Still one “limping” step at a time!

What a difference a day makes!

Today I went to see a physio to try and get some informed opinion on what realistically I can start to do. Boy am I glad I went!
My op to repair the full rupture was done like this:

so, unlike most scars I have seen I have a 2inch incision across the back of my leg (rather than down the leg). The physio heard my tale and then took a look. He hadn’t seen an op like mine before and questioned whether I had actually had a full rupture (I confirmed I had). He prodded and pushed and was pleased there was no hardness or swelling around the wound and actually quite a lot of elasticity. He then had me try and bring my toes up towards me when lying on my back, followed by pushing my toes away against his resistance.

After this he confirmed that my foot was already back to neutral and beyond.

Can I swim? Of course I can!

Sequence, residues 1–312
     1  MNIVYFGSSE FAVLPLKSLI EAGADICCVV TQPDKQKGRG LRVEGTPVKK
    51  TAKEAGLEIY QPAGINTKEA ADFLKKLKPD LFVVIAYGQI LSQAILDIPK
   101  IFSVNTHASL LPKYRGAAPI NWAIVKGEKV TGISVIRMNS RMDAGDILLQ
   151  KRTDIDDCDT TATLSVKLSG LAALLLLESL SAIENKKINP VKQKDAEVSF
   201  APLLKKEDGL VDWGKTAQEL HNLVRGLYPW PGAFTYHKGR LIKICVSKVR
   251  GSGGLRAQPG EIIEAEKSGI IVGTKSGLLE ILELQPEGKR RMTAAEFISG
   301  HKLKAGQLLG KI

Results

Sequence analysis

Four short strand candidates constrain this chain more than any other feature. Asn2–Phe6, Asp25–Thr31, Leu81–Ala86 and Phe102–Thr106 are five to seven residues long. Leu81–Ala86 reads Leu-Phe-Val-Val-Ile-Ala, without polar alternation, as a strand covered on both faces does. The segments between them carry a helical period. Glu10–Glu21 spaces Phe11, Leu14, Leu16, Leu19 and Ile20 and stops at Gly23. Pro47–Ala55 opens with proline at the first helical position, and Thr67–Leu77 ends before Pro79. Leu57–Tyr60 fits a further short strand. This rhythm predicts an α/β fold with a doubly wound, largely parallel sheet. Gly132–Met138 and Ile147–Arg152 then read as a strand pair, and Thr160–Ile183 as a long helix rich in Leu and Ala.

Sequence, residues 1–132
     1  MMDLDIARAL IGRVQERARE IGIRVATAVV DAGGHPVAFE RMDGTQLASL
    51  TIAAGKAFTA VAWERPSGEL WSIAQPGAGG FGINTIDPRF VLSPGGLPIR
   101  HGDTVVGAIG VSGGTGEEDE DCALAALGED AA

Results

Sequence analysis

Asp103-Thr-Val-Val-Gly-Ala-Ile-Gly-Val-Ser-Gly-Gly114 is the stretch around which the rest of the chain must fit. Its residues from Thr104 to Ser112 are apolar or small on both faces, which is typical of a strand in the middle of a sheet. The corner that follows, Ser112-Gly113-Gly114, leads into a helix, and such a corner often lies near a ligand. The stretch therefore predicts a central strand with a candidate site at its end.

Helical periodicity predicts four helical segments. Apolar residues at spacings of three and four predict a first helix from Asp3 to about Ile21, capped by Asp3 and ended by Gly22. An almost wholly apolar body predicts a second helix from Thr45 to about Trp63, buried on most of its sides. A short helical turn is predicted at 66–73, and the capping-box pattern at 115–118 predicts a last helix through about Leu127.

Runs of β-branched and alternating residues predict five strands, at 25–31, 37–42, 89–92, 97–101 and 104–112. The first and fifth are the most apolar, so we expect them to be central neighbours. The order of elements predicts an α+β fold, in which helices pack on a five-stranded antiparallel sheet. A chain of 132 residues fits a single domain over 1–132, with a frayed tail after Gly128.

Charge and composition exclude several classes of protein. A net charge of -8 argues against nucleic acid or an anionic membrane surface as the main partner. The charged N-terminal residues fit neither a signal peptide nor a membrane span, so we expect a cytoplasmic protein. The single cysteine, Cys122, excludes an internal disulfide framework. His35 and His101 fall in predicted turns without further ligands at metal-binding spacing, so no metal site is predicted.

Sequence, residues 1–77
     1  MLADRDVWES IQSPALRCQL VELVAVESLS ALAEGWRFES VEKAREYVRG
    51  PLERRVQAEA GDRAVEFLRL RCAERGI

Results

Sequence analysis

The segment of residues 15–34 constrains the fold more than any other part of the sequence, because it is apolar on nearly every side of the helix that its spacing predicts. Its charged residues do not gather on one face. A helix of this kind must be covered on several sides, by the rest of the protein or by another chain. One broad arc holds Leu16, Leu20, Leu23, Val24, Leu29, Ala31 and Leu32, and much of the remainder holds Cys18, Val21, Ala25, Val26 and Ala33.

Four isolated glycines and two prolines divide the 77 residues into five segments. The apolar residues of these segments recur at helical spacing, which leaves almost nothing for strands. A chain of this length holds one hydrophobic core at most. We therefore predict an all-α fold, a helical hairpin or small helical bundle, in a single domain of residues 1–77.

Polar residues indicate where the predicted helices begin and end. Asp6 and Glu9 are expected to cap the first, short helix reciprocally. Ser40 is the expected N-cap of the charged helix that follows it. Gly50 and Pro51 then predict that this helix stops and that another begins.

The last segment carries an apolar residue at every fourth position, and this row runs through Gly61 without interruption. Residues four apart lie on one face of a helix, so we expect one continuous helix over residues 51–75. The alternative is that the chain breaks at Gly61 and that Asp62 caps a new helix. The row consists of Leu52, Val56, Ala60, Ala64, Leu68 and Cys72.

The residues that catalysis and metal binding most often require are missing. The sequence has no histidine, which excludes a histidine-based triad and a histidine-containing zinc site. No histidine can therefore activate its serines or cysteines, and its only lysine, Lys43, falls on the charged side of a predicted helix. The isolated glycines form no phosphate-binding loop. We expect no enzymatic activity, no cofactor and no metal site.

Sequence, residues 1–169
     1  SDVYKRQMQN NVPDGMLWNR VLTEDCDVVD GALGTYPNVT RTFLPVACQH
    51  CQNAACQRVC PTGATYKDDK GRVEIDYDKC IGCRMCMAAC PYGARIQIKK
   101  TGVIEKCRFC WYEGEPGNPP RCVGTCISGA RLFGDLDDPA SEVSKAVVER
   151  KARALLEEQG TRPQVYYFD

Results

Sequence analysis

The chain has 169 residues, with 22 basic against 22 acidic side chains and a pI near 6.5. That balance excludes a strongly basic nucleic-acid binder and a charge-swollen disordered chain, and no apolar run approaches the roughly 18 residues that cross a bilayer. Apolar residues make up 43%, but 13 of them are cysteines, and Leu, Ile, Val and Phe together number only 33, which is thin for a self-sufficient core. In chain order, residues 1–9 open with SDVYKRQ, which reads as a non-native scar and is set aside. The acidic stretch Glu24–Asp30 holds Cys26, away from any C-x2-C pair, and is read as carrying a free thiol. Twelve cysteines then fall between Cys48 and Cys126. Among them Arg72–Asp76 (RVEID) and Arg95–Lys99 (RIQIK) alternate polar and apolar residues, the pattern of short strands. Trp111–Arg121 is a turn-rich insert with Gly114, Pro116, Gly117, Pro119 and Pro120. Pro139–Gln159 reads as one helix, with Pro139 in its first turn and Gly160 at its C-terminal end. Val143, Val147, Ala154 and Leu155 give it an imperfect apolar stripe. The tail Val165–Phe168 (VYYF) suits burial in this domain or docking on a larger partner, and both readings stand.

Can I do some stretching exercises? Of course I can! He made the point that what we need to avoid is a sudden strain on the tendon. If you listen to you body then there is no way that you stretching using your own muscles (to whatever is comfortable) is going to re-rupture the tendon. So I can dorsiflex and hold to whatever pressure I can cope with. I can face the wall with my injured leg out behind and flat and gentley stretch the tendon by bending the knee on my good leg placed out in front.
Can I try a static bike? Why not!
Can I take the wedges out of the boot? Of course! I’m already at neutral and beyond.
Do I need to wear the boot? If I’m outside a “safe” environment then probably, just in case of a slip, but at home, at work two shoes are fine.

Well worth the money for this visit, go back in a week for some further work/advice.
All great stuff!
My first NHS physio appointment isn’t until early May and I’d been told not to remove the boot at all and I’d still be on 5 wedges! Go figure!

Give it the boot?